What is your treasure?

 “The key is in not spending time, but in investing it.”

Stephen R. Covey

How much of life do we spend in the pursuit of some thing without regard for the time that is exchanged in the chase? Do we view how we spend our time with the same alacrity as we do the pursuit of wealth?

Time is a much tougher investment to manage than money. There is never enough, and for many, the realization of the importance, or lack thereof, of one over the other comes too late in life to rectify.

As I think about the importance of intentionally managing time this verse from the book of Proverbs comes to mind. “The plans of the diligent lead to profit as surely as haste leads to poverty.” Proverbs 21:5 Specifically, what comes to mind here is the definition of “profit.” How do you define “profit” as it comes to the investment of your time? Is this profit a conversion into wealth, or is it something else? Something more?

Take a moment to play with the slider on the picture below. Move the slider left or right to show highlight which picture is more important to you. “For where your treasure is, there your heart will be also.” Matthew 6:21

Then take some time to reflect on your answer, the one that is truly important to you. How are you going to invest your time to make your dreams come true? What is it that you treasure? Where is your heart?

silver and gold coinspeople s feet near mugs

Was it worth it?

“Judge your success by what you had to give up in order to get it.”

The Dalai Lama

At every stage in life we make choices to do, and to give up, certain things. When you look back over your life what are the choices you regret? Did you make those choices in the pursuit of some success that was important to you at the time but in retrospect the success wasn’t worth the cost? Given what you now know would you make different choices today?

How can you apply these lessons in your future? How can you ensure your next success pursuit is worth the cost? Perhaps even more importantly how should you define success to ensure the investment you are making is aligned with what you want to achieve and who you want to become?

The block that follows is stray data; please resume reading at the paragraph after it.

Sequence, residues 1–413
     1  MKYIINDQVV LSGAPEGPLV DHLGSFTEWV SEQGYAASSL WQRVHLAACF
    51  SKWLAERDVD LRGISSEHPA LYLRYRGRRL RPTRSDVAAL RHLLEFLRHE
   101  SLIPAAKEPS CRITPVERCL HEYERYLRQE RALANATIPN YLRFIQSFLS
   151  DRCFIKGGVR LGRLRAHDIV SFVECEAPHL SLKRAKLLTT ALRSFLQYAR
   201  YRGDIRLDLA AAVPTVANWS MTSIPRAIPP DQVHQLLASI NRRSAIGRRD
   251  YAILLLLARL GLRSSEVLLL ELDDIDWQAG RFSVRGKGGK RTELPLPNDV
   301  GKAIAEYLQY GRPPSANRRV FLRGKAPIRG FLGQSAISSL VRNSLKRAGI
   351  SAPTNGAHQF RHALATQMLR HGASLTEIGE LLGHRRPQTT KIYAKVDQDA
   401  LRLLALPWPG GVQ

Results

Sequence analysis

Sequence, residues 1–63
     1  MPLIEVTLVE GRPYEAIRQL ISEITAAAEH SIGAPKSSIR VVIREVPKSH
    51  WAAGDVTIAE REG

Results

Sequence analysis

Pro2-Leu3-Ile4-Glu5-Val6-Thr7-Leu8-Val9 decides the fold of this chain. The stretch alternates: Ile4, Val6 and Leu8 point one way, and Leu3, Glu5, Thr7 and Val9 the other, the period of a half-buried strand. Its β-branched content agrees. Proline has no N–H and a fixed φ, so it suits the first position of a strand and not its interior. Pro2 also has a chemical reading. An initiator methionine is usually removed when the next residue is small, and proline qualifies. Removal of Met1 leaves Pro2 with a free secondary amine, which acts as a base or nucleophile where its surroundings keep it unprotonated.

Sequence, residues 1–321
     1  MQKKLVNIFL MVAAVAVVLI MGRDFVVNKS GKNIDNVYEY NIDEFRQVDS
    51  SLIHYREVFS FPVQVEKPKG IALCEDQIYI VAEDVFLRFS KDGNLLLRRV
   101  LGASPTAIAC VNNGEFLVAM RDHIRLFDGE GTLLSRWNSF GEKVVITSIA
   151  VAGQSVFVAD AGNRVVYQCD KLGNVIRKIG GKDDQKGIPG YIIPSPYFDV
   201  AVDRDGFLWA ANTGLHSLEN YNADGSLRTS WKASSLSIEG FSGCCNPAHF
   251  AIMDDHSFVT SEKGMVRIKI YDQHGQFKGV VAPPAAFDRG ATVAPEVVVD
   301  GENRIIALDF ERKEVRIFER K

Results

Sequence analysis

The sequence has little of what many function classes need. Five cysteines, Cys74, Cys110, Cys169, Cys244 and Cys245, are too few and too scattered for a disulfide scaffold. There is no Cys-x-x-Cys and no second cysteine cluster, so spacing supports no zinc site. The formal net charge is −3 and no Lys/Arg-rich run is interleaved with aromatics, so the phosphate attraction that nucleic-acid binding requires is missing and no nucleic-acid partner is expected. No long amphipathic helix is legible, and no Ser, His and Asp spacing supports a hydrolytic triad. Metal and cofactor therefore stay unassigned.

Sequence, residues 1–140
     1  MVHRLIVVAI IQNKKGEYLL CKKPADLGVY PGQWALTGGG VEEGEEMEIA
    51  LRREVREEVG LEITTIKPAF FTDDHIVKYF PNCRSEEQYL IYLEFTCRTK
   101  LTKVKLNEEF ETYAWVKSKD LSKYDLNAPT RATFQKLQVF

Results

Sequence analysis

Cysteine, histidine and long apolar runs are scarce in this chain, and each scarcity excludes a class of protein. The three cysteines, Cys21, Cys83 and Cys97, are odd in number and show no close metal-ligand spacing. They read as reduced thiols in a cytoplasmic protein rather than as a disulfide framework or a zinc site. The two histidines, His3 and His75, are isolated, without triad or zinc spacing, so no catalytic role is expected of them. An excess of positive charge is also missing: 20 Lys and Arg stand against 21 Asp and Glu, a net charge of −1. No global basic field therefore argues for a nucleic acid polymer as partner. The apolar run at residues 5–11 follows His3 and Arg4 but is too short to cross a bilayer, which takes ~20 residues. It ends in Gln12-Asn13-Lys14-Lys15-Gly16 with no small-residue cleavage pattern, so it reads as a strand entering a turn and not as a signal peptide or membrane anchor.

I would strongly argue that if you choose to put more emphasis on the “Whats” of life, (i.e., what you get, what you have, what you do) than on the “Who” and the “How” you are building a life that will be filled with disappointment and regret at some point in the future. A life spent in pursuit of success measured in a “what” is one where you have a chosen something that won’t last. So, was it worth it?

What’s your score?

“The average person puts only 25% of his energy and ability into his work. The world takes off its hat to those who put in more than 50% of their capacity, and stands on its head for those few and far between souls who devote 100%.”

Andrew Carnegie

Where do you fall on this scale of energy and ability investment into your work? Are you “average?” Of course no one wants to be average so I assume that everyone would score themselves higher than 25%. But are you able to honestly say that you regularly put in more than 50% of your capacity?

If the answer is “no,” then why not? Not every day is going to be a 100% effort, or even a 50% effort kind of day. But the days where you invest over 50% should outnumber those that don’t. If that isn’t happening then perhaps there is something else going on.

If you are doing work that just doesn’t inspire and motivate you then let’s be honest, sometimes giving 25% can feel like 100%. It can feel like trying to fill a bucket that has tons of holes in it. No matter how much water you pour in, it simply won’t fill up.

There are two key components that are critical for you to score high on the work investment scale. One is the work itself, do you find it motivating and rewarding? The second is deeply understanding your “why.” Do you have a burning “why” that pushes you forward regardless of the work you are doing at the time?

Either the work will have to motivate you, or the “why” should. When you find both, that is when the magic happens. That’s how you score 100%.

Giving more is an investment…

 “My father taught me to always do more than you get paid for as an investment in your future.”

Jim Rohn

My Dad had a very similar life lesson that he preached to my brother and myself. His lesson was “do whatever it takes to get the job done, no matter what, and then do a little more.” That has been a principle I have followed my entire life. No matter what it takes, get the job done, and do a little bit more.

I really like how this quote frames out very specifically that you should always do more than you are paid, because you are making an investment. Investments have returns and if you keep making them those returns will continue to grow. It isn’t just a money thing either, this wisdom could apply to life and how you treat others, how you serve others and how you spend your time. Always give more than expected…

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